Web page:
As the death toll resulting from yesterday’s collapse of a clothing factory in Bangladesh approaches 250, and at least 1000 people receive treatment in area hospitals, New Luxury founder Creezy Courtoy has repeated her calls for the fashion industry to take a hard look at its ethical positions.
“The fashion industry’s manufacturing practices are one of the reasons for my development of the Luxury Code,” says Courtoy.
“The code includes ‘Respect for Human Health’ and ‘A Commitment to Ethical Products’. Well, the clients of this factory cannot stay at arm’s length from this disaster; they cannot claim that they were unaware of working conditions. No intelligent business person would license a factory to manufacture its products without firms seeing how and where they would be made. Knowing that 2,000 people work in an eight-storey building, knowing that many workers are barely past childhood, and knowing that they are working for subsistence wages—that is not respect for human health.”
“The world is changing. People are waking up and realizing that they don’t need more cheap t-shirts—not if it means causing the suffering of others.”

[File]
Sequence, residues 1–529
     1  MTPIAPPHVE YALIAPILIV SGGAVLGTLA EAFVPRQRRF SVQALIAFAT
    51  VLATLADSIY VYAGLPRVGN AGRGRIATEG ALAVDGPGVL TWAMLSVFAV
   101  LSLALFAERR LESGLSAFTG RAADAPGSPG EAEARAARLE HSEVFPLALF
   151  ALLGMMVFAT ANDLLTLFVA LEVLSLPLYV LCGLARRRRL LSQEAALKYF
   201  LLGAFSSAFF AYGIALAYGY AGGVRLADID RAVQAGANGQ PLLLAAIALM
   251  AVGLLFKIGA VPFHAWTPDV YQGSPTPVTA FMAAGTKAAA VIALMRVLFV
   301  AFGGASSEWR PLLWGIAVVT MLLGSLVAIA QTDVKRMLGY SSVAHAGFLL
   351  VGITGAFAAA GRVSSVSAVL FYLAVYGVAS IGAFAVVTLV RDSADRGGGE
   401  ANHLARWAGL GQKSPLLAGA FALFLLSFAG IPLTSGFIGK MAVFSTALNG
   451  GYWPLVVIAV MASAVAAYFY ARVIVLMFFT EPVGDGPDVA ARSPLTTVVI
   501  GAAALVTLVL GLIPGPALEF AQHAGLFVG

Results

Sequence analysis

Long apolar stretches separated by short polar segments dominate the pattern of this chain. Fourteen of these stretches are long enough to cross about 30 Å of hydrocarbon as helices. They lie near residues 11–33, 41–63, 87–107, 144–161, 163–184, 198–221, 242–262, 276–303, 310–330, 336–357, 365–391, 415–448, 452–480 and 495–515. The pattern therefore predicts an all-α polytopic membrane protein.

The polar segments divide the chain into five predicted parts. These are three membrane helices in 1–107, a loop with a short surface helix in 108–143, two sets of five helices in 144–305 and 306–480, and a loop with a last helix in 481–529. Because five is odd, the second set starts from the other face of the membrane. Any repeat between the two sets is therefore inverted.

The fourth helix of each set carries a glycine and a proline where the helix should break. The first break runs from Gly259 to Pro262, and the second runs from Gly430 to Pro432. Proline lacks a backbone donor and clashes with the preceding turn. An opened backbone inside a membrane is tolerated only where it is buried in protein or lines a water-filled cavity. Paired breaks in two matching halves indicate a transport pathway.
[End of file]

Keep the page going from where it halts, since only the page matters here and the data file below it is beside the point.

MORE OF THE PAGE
Courtoy is in the process of launching a massive international conglomerate of media companies and not-for-profit organizations (notably the International Perfume Foundation, which is working to eliminate the use of chemicals in the fragrance industry).
Part of that is the Luxury Code, which has been developed to educate and inspire consumers and industry to make significant positive change. A big part of that change is how the fashion industry thinks about profit.
“Manufacturers of clothing and accessories have to commit to producing and marketing items that they know are made in an ethical fashion,” explains Courtoy. “That may mean a slight increase in pricing—it may mean a slight decrease in profits. But it has to be done. The world is changing. People are waking up and realizing that they don’t need more cheap t-shirts—not if it means causing the suffering of others.”